California Tobacco Control Program Targets Social Smoking With ‘Never Just a Smoke’ Campaign

Duncan Channon launched the new campaign

The agency's campaign targets social smoking among young adults.
California Tobacco Control Program

Back in April, Duncan Channon tackled the problem of flavored e-cigarette use amongst teens with its “Flavors Hook Kids” campaign for the California Tobacco Control Program.

Now the agency is targeting a phenomenon more commonly impacting a slightly older demographic: social smoking.

The agency’s “Never Just A Smoke” campaign targets social smoking among young adults, centered around a pair of online ads depicting moderate tobacco users which opens on a casual request for a cigarette.

In each case, a series of memories forces the protagonist to come to the realization that, despite their previous denials, they’ve slipped into regular tobacco use.

“Never Just A Smoke” also includes a series of out-of-home ads in California featuring glitchy photography from Pari Dukovic designed to communicate the same kind of “Oh shit” moment as the online spots through copy suggesting the slippery slope from occasional to regular smoking.

The campaign is based around the insight that social smokers aged 21-35 don’t identify as “smokers” and are inclined to underestimate the potential negative consequences of their tobacco use.

“After discovering that young people who smoke socially rarely see themselves as smokers, we wanted to play with this distorted perception about the pervasiveness of their habit—as well as its harm,” Duncan Channon executive creative director Anne Elisco-Lemme said in a statement. “The campaign places young people in true-to-life social situations that force a moment of self-realization about the truth of their smoking and its impact. We strip away the excuses used to defend social smoking—leaving the viewer with the stark reality of their smoking and its health consequences.”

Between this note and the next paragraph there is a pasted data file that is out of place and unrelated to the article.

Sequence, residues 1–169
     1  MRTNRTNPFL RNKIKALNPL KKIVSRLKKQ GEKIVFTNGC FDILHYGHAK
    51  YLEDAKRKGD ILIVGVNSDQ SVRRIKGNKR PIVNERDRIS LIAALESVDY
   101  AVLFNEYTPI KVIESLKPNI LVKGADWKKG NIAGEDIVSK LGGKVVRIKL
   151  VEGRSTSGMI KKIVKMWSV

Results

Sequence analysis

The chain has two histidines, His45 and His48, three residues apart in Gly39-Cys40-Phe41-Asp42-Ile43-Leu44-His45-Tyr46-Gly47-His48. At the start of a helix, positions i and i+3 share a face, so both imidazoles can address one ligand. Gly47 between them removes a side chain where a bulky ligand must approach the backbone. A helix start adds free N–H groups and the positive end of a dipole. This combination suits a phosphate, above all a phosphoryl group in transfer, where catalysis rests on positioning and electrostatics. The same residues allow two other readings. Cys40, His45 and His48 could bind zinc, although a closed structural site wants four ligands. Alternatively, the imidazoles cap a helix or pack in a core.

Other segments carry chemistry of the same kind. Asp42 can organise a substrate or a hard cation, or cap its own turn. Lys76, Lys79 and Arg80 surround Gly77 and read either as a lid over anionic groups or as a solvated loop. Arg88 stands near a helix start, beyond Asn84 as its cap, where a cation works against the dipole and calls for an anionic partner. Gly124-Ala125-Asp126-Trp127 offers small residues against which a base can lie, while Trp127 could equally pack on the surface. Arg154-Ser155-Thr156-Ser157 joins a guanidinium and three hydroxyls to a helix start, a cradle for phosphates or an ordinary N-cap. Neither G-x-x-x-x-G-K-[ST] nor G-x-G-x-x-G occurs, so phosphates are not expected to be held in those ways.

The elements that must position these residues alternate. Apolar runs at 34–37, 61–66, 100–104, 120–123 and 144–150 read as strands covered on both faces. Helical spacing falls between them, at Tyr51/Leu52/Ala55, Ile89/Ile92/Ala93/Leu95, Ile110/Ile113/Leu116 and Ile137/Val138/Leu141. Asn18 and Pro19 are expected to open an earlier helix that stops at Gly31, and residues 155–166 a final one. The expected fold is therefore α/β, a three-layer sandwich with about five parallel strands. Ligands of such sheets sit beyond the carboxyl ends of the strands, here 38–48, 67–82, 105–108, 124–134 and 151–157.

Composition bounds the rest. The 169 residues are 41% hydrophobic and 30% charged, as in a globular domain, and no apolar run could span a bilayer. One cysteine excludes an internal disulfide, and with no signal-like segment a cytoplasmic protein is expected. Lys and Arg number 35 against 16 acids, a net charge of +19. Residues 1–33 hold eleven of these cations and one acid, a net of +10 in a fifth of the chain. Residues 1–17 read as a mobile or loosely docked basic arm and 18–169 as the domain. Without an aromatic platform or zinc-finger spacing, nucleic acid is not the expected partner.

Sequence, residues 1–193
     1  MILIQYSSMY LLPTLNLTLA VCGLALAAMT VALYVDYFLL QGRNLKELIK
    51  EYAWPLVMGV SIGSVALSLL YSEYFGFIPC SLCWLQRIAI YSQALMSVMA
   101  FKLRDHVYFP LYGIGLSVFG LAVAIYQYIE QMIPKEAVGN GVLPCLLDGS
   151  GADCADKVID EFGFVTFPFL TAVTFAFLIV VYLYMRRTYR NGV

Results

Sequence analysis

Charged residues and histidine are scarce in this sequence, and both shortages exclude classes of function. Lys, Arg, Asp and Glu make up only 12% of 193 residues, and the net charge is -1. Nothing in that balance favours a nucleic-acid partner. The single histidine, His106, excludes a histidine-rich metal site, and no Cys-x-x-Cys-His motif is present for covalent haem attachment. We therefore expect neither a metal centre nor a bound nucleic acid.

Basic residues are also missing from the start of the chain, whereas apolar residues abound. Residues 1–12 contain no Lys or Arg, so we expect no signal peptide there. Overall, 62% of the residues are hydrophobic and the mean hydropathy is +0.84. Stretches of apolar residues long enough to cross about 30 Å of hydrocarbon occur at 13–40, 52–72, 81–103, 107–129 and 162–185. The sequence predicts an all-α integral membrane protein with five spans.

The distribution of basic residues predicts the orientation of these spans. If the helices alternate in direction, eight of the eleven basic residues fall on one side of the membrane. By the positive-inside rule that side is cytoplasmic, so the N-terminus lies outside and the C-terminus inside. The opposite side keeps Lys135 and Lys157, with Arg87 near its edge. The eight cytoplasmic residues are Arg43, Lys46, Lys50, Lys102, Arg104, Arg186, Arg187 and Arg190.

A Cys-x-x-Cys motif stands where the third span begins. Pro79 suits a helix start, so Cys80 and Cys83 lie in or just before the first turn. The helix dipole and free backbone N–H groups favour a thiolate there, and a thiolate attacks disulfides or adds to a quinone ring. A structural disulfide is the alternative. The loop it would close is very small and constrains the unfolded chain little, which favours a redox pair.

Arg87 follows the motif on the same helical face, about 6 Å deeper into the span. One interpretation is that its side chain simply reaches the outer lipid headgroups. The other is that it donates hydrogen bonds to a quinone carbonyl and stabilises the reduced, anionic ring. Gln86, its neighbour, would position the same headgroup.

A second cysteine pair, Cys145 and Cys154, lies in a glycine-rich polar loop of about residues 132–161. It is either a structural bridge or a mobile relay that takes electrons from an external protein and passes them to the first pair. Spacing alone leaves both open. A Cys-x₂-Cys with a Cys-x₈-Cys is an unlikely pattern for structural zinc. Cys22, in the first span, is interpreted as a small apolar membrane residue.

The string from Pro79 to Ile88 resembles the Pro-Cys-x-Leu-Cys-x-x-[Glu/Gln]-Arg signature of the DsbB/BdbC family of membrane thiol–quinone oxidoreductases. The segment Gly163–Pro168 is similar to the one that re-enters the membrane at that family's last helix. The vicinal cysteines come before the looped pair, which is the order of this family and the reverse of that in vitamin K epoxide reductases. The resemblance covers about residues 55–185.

“The campaign also combats the reality that new forms of tobacco—including hookah, cigarillos, and e-cigarettes such as JUUL— make young people less likely to perceive the health risks of occasional use,” she added. “It’s all too easy to dismiss something you don’t do every day as harmless, especially if it doesn’t look or taste like a traditional cigarette.”

The campaign, which coincides with Pride Month, is also notable for its inclusivity. In addition to both online and OOH ads featuring same sex couples, it will also include animated projections and geotargeted digital videos near LGBTQ Pride events, as well as coasters and posters at LGBTQ bars across Los Angeles, San Francisco, San Diego and Sacramento.

CTCP also partnered with BuzzFeed for a custom “Regrets You Have After A Night Out” video as part of the campaign.

CREDITS

Client: California Department of Public Health, California Tobacco Control Program
Agency: Duncan Channon

• Creative director – Anne Elisco-Lemme
• Creative director – Michael Lemme
• Lead designer/art director – Shannon Burns
• Lead copywriter – MJ Deery
• Copywriter – Derek Taylor
• Art director – Chris Onesto
• Studio designer – Scott Whipple
• Senior broadcast producer – Keenan Hemje
• Senior broadcast producer – Christine Gomez
• Art buyer – Renee Hodges
• Art producer – Porsche Michelle
• Senior art buyer– Diana Courcier
• Print producer – Julie Mastalerz
• Senior digital producer – Eric Kozak
• Producer – Emily Sarale
• Chief strategy officer – Andy Berkenfield
• Strategy director – Kelleen Peckham
• Strategist – Adam Flynn
• Digital strategist – Brandon Sugarman
• Director of communications planning – Leslie Diard
• Group director of communications planning – Rochelle Armstrong
• Communications planning supervisor – Paulo Delacruz
• Communications planner – Caitlin Delaney
• Director of account management – Jamie Katz
• Account director – Kumi Croom
• Account supervisor – Rachel Smutney
• Account supervisor – Vida Thaxton
• Senior account manager – Davis Wolfe
• Associate account manager – Neha Sinha

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